Powderpuff, Benji

In early October of 2007, after a lengthy day of community volunteering in Miami,my younger, first year in college, daughter phoned me. She was frantically concerned about a lost dog roaming in her dorm. (She was a cat lover, so I knew her concern was serious.)The dog had no leash, collar or tags. She had asked others, if they were the dog’s owner.Unfortunately, he had no visible master. Nor, were there any missing posters for the dog near her university in Coral Gables.She immediately picked the playful, small, thin,skeletal dog up: it weighed about as much as an empty, discarded large cereal box. Unfortunately, the dog was of no identifiable or familiar breed to her.Sadly, this scraggly, long-haired moppet had been on the streets, too long- an oppressive and punitive injustice…My younger daughter anxiously asked, for advice; I quickly mentioned to contact the local Animal Control. She did.They didn’t show; quickly, hours were passing, and evening would come shortly.I called various television stations, asking if someone was searching for a dog. No one reported a lost animal. Frustration and that intuitively “sinking feeling”was slowly creeping in our lives.I couldn’t help my daughter or The Kid. And she could not keep the dog in her dorm room. We needed another game plan: all the family members started thinking- all four of us. We thought of a shelter, a humane shelter would be great.After some begging and finding someone with a car on campus,my younger daughter then took The Kid to a “what we thought” was a safe shelter. It was advertised on the Internet. Simultaneously,in central New York, my older daughter busily researched the Internet about the possible shelter. After some time, she called me with a grave tone in her voice. It was a questionable animal facility, they were noted for animal cruelty.The “sinking feeling” sunk in. Immediately, a new action plan was devised: “Save The Kid.” Otherwise, he would not probably last the night at the new place.Again, the younger daughter needed to beg for a ride, and save The Kid.(This was one of those rare moments that I wished my daughter had a car on campus and had lived in Miami her whole life.) After some time, my younger daughter found transportation, went to the shelter, and finally, had The Kid in tow.Meanwhile, my older daughter searched the Internet, and logically suggested boarding the dog in Miami Beach, at a safe and reputable hospital.This would be the best spot, for The Kid. After a quick family talk, it was decided that the safest spot would be our home. (I was hoping the dog had been microchipped, for identification purposes.He was not.)…After a lengthy stay in the hospital, The New Kid finally came home with my younger daughter in late-October, to northeastern Ohio. …He slowly and gradually made friends with our family fixture: an affable,old, and deaf, almost 17 year old, Westie.Thanksgiving was the best: two hungry mouths at our feet, savoring the turkey’s aromas. Things were working out between both dogs; they slept on a giant leopard pillow I made.The New Kid even hugged the Old Guy; it was a strange sight, for us. And then my heart broke…Sadly, the old guy passed away unexpectedly on the evening of December 24th….After some ardent and daily looking on the Internet,for The New Kid’s owner, I found a similar looking dog in mid-January. That dog was missing from its home since Thanksgiving. “Tuffy’s ” owner helped me identify the breed of The New Kid.He is a Chinese Crested Powderpuff. They really do hug…As of now,the New Kid is fattened up, sleeps well on several blankets, has many toys, and is not fearful of the dark, anymore. With tears and howling, we both miss the Old Guy.He has slowly adjusted.Yet, inwardly, somehow, I think our northeastern Ohio gray snow can’t compete with the warm, southern, bright Florida sun, sweet orange citrus scents, floral beuties,and hot -to -the-toes sandy beaches.We’re learning all sorts of things about the New Kid.He has to smell my indoor plants, scratch my window screens to stare at the deer, and loves to lick the snow with delight. He endearingly bites my nose.For him, I think, he’s finally home… I read that it was believed by some faiths, that dogs are the guardians of heaven’s gates.Also, for the Chinese Crested, they were said to be buried with mummies, to aid in their journey to heaven.It seems a fitting role, even for The New Kid, who’s name is Benji.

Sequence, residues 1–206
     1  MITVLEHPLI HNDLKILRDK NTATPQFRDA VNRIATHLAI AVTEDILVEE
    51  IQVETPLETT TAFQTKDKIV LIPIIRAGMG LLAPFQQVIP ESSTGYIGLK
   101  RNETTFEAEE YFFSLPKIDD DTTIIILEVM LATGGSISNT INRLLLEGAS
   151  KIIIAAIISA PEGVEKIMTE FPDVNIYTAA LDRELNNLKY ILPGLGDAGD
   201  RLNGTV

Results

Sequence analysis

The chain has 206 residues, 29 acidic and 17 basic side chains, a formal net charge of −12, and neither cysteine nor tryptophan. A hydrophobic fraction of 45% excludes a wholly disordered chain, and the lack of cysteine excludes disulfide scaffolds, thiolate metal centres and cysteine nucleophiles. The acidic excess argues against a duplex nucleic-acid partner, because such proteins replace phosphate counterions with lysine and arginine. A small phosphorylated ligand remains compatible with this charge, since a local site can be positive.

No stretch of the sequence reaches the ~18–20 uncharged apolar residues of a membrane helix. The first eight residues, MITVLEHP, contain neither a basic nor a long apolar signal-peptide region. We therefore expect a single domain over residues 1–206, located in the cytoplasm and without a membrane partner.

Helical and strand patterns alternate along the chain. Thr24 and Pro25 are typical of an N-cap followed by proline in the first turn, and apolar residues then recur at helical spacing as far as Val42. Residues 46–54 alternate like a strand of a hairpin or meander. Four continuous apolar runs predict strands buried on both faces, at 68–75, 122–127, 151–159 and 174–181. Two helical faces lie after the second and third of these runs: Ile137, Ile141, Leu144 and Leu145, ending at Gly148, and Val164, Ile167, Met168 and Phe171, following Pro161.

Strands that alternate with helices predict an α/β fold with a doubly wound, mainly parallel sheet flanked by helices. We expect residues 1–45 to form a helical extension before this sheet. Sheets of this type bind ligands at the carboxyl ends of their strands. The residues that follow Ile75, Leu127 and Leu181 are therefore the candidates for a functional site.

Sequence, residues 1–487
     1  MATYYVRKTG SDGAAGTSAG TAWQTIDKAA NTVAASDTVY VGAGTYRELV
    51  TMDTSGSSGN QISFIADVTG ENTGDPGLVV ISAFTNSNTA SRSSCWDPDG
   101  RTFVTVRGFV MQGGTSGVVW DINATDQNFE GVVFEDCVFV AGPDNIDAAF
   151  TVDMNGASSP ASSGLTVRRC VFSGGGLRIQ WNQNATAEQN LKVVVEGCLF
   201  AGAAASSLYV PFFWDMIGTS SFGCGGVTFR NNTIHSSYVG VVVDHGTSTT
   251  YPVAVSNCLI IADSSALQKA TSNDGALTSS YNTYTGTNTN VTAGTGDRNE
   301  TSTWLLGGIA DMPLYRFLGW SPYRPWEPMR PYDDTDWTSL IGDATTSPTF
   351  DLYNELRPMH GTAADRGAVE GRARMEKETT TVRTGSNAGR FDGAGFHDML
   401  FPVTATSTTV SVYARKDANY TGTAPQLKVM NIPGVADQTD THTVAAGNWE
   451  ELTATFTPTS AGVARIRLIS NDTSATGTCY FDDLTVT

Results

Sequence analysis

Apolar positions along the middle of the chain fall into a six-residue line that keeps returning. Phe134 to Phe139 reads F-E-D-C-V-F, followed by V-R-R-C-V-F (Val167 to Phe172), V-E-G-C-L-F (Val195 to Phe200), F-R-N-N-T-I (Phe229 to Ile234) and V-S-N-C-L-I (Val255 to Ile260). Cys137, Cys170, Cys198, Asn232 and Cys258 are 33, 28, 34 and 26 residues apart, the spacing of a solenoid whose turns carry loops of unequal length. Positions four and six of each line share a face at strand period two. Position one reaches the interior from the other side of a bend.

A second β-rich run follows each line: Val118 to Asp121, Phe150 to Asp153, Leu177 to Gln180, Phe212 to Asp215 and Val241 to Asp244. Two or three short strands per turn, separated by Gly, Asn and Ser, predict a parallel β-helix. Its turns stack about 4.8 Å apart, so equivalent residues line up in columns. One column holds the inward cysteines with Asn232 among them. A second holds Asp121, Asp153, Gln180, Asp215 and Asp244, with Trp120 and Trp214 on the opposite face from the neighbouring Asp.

Alicia from OH